• Tumor Lysis Syndrome (TLS). TLS is caused by the fast breakdown of cancer cells. TLS can cause you to have:
    • kidney failure and the need for dialysis treatment
    • abnormal heart rhythm

TLS can happen within 12 to 24 hours after an infusion of Truxima. Your healthcare provider may do blood tests to check you for TLS. Your healthcare provider may give you medicine to help prevent TLS. Tell your healthcare provider right away if you have any of the following signs or symptoms of TLS:

  • nausea
  • vomiting
  • diarrhea
  • lack of energy
  • Serious infections. Serious infections can happen during and after treatment with Truxima, and can lead to death. Truxima can increase your risk of getting infections and can lower the ability of your immune system to fight infections. Types of serious infections that can happen with Truxima include bacterial, fungal, and viral infections. After receiving Truxima, some people have developed low levels of certain antibodies in their blood for a long period of time (longer than 11 months). Some of these people with low antibody levels developed infections. People with serious infections should not receive Truxima. Tell your healthcare provider right away if you have any symptoms of infection:
    • fever
    • cold symptoms, such as runny nose or sore throat that do not go away
    • flu symptoms, such as cough, tiredness, and body aches
    • earache or headache
    • pain during urination
    • cold sores in the mouth or throat
    • cuts, scrapes or incisions that are red, warm, swollen or painful
  • Heart problems. Truxima may cause chest pain, irregular heartbeats, and heart attack. Your healthcare provider may monitor your heart during and after treatment with Truxima if you have symptoms of heart problems or have a history of heart problems. Tell your healthcare provider right away if you have chest pain or irregular heartbeats during treatment with Truxima.
  • Kidney problems, especially if you are receiving Truxima for NHL. Truxima can cause severe kidney problems that lead to death. Your healthcare provider should do blood tests to check how well your kidneys are working.
  • Stomach and Serious bowel problems that can sometimes lead to death. Bowel problems, including blockage or tears in the bowel can happen if you receive Truxima with chemotherapy medicines. Tell your healthcare provider right away if you have any severe stomach-area (abdomen) pain or repeated vomiting during treatment with Truxima.

Your healthcare provider will stop treatment with Truxima if you have severe, serious or life-threatening side effects.

Do not receive Truxima if you are allergic to Truxima or to any of its ingredients

Truxima Food Interactions

Medications can interact with certain foods. In some cases, this may be harmful and your doctor may advise you to avoid certain foods. In the case of Truxima, there are no specific foods that you must exclude from your diet when receiving this medication.

Inform MD

Before receiving Truxima, tell your doctor about all of your medical conditions. Especially tell your doctor if you:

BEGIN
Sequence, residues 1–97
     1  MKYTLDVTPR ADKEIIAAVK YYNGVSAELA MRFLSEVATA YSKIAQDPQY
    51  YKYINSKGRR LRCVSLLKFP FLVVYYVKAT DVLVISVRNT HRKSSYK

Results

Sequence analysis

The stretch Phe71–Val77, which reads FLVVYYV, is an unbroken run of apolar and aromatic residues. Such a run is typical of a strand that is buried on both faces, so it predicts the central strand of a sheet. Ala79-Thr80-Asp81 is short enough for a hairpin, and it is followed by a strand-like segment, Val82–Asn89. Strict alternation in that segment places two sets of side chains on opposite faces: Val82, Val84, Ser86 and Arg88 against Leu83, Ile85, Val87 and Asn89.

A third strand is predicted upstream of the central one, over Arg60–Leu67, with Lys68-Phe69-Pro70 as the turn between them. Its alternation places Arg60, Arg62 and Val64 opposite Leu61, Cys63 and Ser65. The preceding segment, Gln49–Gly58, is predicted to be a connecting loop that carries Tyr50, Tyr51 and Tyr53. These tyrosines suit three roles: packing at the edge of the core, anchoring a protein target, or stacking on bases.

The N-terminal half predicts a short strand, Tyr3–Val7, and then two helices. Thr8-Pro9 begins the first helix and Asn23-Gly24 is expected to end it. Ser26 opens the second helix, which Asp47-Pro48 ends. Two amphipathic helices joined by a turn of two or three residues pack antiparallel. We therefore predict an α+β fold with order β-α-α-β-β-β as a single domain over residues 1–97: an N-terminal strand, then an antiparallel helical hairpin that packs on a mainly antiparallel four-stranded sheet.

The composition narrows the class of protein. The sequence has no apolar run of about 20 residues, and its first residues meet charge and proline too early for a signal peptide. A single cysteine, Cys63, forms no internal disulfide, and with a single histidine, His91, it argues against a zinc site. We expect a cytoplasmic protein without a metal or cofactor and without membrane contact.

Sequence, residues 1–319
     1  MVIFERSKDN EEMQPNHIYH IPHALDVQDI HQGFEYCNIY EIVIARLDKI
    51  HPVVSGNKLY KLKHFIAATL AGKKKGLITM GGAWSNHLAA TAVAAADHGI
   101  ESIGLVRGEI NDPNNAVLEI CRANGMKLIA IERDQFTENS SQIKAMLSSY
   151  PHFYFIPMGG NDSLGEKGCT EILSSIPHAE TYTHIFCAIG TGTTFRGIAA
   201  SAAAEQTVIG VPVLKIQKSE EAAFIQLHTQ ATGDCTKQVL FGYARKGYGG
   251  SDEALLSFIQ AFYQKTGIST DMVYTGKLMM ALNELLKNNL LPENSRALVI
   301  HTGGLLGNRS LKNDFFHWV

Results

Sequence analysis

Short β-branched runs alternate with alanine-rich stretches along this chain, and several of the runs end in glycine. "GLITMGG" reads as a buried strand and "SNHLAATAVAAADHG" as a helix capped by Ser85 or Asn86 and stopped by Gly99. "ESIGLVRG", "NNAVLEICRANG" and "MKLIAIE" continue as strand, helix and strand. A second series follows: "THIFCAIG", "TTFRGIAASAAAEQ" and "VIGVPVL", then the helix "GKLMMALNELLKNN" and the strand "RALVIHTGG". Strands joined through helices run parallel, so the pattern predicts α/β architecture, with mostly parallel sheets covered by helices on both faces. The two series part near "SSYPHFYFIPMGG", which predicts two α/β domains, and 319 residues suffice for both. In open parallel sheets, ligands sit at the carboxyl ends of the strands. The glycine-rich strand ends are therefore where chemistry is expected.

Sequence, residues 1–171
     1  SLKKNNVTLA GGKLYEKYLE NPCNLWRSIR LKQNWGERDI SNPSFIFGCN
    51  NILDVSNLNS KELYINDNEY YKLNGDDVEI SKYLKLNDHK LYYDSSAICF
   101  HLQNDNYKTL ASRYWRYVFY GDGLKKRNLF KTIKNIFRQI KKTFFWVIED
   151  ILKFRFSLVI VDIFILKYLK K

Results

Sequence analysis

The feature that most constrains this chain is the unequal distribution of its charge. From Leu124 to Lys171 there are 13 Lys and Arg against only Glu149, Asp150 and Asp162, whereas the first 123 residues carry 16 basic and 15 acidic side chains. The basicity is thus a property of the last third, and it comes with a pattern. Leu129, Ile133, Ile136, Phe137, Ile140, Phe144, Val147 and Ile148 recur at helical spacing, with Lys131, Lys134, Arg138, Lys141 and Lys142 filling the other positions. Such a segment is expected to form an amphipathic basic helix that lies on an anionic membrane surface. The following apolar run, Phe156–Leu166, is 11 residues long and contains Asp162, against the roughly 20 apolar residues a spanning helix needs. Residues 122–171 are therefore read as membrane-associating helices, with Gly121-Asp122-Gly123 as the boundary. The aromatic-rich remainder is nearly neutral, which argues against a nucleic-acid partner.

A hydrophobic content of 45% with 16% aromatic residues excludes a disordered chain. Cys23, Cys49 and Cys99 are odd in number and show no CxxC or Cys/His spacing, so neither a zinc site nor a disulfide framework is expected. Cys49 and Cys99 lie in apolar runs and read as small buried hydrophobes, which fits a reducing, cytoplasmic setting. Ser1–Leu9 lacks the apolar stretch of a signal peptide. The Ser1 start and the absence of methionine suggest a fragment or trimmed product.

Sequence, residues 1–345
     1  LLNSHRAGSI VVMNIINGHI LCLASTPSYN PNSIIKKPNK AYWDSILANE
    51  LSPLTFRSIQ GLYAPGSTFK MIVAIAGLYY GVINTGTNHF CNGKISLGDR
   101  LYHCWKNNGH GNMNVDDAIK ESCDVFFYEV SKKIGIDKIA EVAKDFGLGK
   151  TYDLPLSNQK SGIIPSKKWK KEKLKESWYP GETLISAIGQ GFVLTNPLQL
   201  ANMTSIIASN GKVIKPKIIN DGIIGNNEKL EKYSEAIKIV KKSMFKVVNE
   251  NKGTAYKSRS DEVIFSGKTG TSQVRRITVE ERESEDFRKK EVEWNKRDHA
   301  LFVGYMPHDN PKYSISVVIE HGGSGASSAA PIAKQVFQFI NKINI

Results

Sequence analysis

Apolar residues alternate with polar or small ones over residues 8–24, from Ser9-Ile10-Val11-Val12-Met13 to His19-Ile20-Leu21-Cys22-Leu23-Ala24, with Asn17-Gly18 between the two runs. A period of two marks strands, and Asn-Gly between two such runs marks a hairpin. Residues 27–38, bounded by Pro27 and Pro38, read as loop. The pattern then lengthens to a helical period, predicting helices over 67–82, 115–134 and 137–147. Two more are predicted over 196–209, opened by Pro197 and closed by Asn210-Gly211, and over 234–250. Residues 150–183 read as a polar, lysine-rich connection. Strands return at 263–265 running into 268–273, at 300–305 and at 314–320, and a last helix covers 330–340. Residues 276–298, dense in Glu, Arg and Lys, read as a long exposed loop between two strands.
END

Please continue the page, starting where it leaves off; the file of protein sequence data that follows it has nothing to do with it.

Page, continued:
• have had a severe reaction to Truxima or a rituximab product
  • have a history of heart problems, irregular heart beat or chest pain
  • have lung or kidney problems
  • have an infection or weakened immune system.
  • have or have had any severe infections including:
  • Hepatitis B virus (HBV)
  • Hepatitis C virus (HCV)
  • Cytomegalovirus (CMV)
  • Herpes simplex virus (HSV)
  • Parvovirus B19
  • Varicella zoster virus (chickenpox or shingles)
  • West Nile Virus
  • have had a recent vaccination or are scheduled to receive vaccinations. You should not receive certain vaccines before or during treatment with Truxima.
  • are pregnant or plan to become pregnant. Talk to your healthcare provider about the risks to your unborn baby if you receive Truxima during pregnancy. 
    Females who are able to become pregnant should use effective birth control (contraception) during treatment with Truxima and for 12 months after the last dose of Truxima. Talk to your healthcare provider about effective birth control.
    Tell your healthcare provider right away if you become pregnant or think that you are pregnant during treatment with Truxima.
  • are breastfeeding or plan to breastfeed. It is not known if Truxima passes into your breast milk. Do not breastfeed during treatment and for at least 6 months after your last dose of Truxima.

Tell your doctor about all the medicines you take including prescription and non-prescription medicines, vitamins, and herbal supplements.

Truxima and Pregnancy

Tell your doctor if you are pregnant or plan to become pregnant.

It has been shown that use of Truxima in pregnant women caused some babies to be born with problems. However, in some serious situations, the benefit of using this medication may be greater than the risk of harm to the baby. 

Talk to your healthcare provider about the risks to your unborn baby if you receive Truxima during pregnancy. 
Females who are able to become pregnant should use effective birth control (contraception) during treatment with Truxima and for 12 months after the last dose of Truxima. Talk to your healthcare provider about effective birth control.
Tell your healthcare provider right away if you become pregnant or think that you are pregnant during treatment with Truxima.